Denver-area hospitals produced a combined income of nearly $1.3 billion in 2016 — a number that reflected significant gains for most local medical centers, some of which operated at margins above 40 percent, according to a biennial report released today.

Health insurers also increased their profitability in 2016, according to the Colorado Health Market Review 2017, produced by Minneapolis-based analyst Allan Baumgarten, who uses information from Medicare cost reports submitted to the federal government to discern the profit margins of hospitals and health plans across various states.

The numbers show a big-picture trend toward improving fiscal health at most hospitals since the full implementation of the federal Affordable Care Act, despite the current uncertainty around key provisions of the law, including the existing mandate for all Americans to purchase health insurance, Baumgarten said. Republicans in Congress have proposed doing away with that requirement as part of their proposal to revise the nation's tax system.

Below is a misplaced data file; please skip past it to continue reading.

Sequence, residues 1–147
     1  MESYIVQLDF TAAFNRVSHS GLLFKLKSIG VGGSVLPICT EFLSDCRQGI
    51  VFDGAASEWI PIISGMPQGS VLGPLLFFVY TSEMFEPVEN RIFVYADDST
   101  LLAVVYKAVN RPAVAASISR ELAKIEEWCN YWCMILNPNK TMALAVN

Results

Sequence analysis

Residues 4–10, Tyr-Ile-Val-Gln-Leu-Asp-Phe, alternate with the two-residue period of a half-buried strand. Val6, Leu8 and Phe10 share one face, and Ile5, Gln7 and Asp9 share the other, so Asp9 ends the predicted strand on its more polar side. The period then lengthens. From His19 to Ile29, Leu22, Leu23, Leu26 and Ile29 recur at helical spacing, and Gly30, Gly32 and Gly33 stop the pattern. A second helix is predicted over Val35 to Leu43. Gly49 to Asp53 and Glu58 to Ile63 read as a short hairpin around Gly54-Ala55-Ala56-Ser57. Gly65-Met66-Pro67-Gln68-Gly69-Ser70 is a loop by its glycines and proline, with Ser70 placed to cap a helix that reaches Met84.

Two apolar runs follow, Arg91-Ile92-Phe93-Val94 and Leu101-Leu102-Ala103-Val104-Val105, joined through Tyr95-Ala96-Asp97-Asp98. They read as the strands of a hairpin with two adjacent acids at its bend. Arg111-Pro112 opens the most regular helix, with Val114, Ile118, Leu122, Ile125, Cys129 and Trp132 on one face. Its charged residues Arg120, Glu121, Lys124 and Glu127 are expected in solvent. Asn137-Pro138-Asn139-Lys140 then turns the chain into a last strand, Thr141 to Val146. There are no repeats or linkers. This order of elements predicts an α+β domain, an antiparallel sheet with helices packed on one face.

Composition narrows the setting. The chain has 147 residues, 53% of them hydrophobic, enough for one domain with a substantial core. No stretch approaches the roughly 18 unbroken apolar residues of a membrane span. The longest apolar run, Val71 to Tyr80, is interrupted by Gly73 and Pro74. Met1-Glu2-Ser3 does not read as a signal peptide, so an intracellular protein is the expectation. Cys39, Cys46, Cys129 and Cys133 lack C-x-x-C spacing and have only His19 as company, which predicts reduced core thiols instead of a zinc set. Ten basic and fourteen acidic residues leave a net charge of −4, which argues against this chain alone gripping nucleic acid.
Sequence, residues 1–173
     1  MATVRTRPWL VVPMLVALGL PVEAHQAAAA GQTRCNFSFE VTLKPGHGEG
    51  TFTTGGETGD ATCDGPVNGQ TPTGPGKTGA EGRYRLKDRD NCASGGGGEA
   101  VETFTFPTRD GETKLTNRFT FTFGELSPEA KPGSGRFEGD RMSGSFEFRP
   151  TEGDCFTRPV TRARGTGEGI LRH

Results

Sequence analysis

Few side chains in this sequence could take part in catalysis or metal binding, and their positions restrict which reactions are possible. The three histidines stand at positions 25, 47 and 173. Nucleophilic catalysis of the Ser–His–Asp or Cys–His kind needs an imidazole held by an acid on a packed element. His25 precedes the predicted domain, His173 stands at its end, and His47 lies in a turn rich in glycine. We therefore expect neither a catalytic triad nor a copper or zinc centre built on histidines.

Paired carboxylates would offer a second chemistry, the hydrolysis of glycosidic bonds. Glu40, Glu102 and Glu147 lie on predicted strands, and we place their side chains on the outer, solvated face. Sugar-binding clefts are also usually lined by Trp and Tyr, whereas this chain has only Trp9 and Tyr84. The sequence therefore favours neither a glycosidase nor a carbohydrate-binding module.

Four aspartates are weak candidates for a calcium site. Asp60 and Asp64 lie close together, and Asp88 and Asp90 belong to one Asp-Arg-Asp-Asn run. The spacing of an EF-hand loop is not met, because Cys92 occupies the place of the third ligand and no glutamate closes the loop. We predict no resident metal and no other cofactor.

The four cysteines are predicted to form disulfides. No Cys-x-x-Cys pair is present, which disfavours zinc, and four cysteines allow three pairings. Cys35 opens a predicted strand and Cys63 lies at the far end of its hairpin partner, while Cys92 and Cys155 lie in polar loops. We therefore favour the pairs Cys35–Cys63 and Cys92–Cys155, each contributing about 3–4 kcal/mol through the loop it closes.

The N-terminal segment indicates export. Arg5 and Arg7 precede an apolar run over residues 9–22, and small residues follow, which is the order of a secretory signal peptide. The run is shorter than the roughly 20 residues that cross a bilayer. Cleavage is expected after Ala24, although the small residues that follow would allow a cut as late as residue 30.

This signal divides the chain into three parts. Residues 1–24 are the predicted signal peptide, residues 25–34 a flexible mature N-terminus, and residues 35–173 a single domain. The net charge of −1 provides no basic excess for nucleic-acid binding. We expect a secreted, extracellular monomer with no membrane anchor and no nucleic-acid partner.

Health systems that have had to treat fewer uninsured patients have responded by opening new facilities, making capital investments in their specialty programs and boosting revenues as a result.

Read more about how one health industry analyst says the Affordable Care Act helping the profits boom on the Denver Business Journal.